The effects of a typical training run on overuse running-related injury risk factors in recreational runners

Riazati, Sherveen (2020) The effects of a typical training run on overuse running-related injury risk factors in recreational runners. Doctoral thesis, Northumbria University.

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Running has increased in popularity over recent decades to become one of the five most popular recreational activities worldwide. With this rise in popularity, there has however been a concomitant increase in rate of running related overuse injuries with epidemiology studies reporting 7.7 injuries every 1000 hours of running. Patellofemoral pain and iliotibial band syndrome are the most common RROI accounting up to 17% and 8%, respectively. Runners experiencing either injury share common gait signatures of excessive hip adduction. Running induced fatigue has been shown to reduce strength in numerous muscle groups important for initiating and regulating gait, notably increased hip adduction. These fatigue induced changes to gait have been examined during prolonged or continuous runs, often to exhaustion. Runners however do not typically perform runs to exhaustion during their regular training, rather they perform high intensity interval training or medium intensity continuous running. The level of fatigue induced by these typical training sessions, or its impact on gait is unknown. The aim of this thesis was to examine the effect of fatigue on risk factors associated with development of running related injuries during typical training runs. Acceptable to excellent relative and absolute reliability for risk factors were reported. The absolute reliability enabled an alternative statistical approach to be alongside traditional, group level, P values. This alternative statistical approach used minimum detectable change to detect ‘real changes’ in risk factors post-run. Following two typical running sessions, fatigue induced a changes in running related overuse injury risk factors were found. There was a significant (P < 0.05) reduction in muscle strength (12%) following high intensity interval training session and medium intensity continuous run (10.6%) in both the hip and knee musculature. Force reduction was accompanied by increased maximum hip adduction angle and range of motion (P < 0.05). Fatigue increased coordination variability significantly (P < 0.05) in nearly all variables for hip and knee couplings. Individual assessment showed that the high intensity interval training run induced gait changes in more runners, a finding not observable in group assessment. The fatigue induced changes following training runs could potentially increase the risk of RROI development. This risk however, can only be considered detrimental if still present immediately prior to the next training session. Recovery of strength, kinematic and coordination variability at 24-h following a high intensity interval run was then examined. To fully assess recovery kinetics, evoked electrical stimulation was used to examine the extent of central (voluntary activation) and peripheral (knee extension maximum voluntary contractions and quadriceps twitch potentiation) fatigue immediately post and 24-h after high intensity interval training session. The results not only corroborated those in the previous findings of the thesis, but showed decrements in both central and peripheral drive. Collectively, immediately post, runners exhibited a reduction in hip musculature strength (8.1%),voluntary activation (6.8%), both remaining significantly (P < 0.05) impaired at 24-h. The changes were also accompanied by increased maximum angle and RoM for hip adduction immediately post training run and at 24-hr post. Coordination variability was again increased with fatigue and remained increased at 24-h in those who remained fatigued. The most noteworthy finding was that while collectively there were signs of lack of recovery, on an individual level most runners had recovered within 24-h, while only a few did not and still exhibit impaired gait. Only four runners were identified to be at risk of injury development following fatigue induced changes to risk factors and impaired neuromuscular function following a typical training run. This thesis demonstrated that fatigue induced during a typical training session causes changes to gait. For a minority of runners these changes are still evident 24-h after training placing them at an increased risk of running related overuse injury development.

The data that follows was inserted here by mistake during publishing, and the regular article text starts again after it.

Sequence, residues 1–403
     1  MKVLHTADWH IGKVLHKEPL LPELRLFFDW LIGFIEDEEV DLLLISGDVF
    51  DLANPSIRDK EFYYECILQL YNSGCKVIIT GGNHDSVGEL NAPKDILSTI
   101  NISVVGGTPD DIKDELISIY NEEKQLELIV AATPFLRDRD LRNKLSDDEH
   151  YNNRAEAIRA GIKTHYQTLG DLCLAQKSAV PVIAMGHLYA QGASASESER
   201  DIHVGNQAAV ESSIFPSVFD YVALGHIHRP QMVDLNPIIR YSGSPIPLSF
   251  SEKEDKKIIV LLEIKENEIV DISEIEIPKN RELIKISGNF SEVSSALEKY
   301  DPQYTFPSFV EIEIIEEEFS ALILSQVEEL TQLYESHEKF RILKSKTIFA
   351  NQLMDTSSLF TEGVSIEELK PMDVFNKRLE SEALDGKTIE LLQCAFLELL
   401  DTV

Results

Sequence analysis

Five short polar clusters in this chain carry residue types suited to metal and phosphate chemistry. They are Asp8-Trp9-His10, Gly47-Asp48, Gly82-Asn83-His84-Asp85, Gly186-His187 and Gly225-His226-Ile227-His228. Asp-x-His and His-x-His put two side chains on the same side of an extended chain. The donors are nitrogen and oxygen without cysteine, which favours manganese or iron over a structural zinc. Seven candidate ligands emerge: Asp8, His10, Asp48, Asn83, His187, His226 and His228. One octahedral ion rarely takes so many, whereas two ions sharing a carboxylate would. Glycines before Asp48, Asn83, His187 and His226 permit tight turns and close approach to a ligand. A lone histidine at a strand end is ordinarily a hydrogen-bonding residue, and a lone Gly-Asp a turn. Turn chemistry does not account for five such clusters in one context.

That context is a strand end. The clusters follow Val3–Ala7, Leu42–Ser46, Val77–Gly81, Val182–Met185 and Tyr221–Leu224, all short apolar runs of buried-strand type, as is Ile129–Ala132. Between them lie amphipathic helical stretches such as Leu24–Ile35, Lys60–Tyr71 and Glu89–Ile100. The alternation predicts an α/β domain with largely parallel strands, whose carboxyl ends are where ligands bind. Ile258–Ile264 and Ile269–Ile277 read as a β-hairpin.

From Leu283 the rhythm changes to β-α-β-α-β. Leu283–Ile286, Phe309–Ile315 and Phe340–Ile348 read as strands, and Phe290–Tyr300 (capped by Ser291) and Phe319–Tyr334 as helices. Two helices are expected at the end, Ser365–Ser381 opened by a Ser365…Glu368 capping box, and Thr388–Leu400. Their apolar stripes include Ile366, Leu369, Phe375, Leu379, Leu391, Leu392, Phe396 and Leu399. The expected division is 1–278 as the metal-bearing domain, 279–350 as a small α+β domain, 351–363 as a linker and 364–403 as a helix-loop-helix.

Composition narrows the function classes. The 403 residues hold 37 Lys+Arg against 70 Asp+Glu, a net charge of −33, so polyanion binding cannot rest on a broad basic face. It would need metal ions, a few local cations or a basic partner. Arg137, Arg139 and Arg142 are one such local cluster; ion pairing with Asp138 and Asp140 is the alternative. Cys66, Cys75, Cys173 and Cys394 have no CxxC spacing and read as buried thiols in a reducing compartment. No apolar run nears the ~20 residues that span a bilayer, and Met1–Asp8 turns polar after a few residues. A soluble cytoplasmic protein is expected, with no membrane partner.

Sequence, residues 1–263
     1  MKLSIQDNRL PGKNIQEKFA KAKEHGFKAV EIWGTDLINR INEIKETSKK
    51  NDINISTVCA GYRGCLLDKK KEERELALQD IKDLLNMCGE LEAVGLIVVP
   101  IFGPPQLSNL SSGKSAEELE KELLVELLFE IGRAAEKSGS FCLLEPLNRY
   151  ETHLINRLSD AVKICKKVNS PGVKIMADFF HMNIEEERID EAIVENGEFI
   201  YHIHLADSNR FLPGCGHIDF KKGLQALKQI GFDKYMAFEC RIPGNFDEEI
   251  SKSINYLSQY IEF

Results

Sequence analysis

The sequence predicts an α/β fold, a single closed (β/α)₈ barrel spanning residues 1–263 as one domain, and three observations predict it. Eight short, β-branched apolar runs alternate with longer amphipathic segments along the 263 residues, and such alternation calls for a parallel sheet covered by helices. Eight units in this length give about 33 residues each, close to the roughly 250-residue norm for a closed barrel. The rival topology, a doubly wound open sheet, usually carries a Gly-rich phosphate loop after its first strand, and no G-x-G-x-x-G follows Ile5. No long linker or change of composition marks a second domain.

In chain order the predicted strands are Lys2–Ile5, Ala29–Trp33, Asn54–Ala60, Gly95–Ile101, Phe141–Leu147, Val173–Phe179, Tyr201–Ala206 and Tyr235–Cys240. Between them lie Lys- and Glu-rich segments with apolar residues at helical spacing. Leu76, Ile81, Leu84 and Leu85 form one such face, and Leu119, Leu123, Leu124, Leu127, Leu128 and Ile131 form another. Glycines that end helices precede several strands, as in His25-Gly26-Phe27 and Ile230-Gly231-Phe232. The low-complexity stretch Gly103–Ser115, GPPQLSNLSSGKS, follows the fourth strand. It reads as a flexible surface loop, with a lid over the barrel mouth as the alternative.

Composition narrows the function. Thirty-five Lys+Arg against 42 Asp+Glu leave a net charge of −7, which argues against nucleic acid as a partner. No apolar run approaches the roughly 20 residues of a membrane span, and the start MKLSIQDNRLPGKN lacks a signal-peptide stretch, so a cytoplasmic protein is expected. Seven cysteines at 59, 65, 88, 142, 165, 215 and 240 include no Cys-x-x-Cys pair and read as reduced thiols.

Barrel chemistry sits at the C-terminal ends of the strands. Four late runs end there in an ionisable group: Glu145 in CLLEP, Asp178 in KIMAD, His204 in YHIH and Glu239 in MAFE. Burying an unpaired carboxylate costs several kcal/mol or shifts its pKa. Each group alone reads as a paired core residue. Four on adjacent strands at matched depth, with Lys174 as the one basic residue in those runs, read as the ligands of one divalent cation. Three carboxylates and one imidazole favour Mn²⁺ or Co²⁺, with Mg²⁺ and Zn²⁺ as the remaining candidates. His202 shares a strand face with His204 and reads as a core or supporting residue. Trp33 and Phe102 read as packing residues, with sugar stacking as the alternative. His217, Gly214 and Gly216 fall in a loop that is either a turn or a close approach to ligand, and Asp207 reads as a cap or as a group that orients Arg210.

Item Type: Thesis (Doctoral)
Uncontrolled Keywords: Running, Fatigue, Overuse Injury, Biomechanics, Recovery
Subjects: C600 Sports Science
Department: Faculties > Health and Life Sciences > Sport, Exercise and Rehabilitation
University Services > Graduate School > Doctor of Philosophy
Depositing User: John Coen
Date Deposited: 01 Oct 2020 09:41
Last Modified: 30 Jun 2022 08:15

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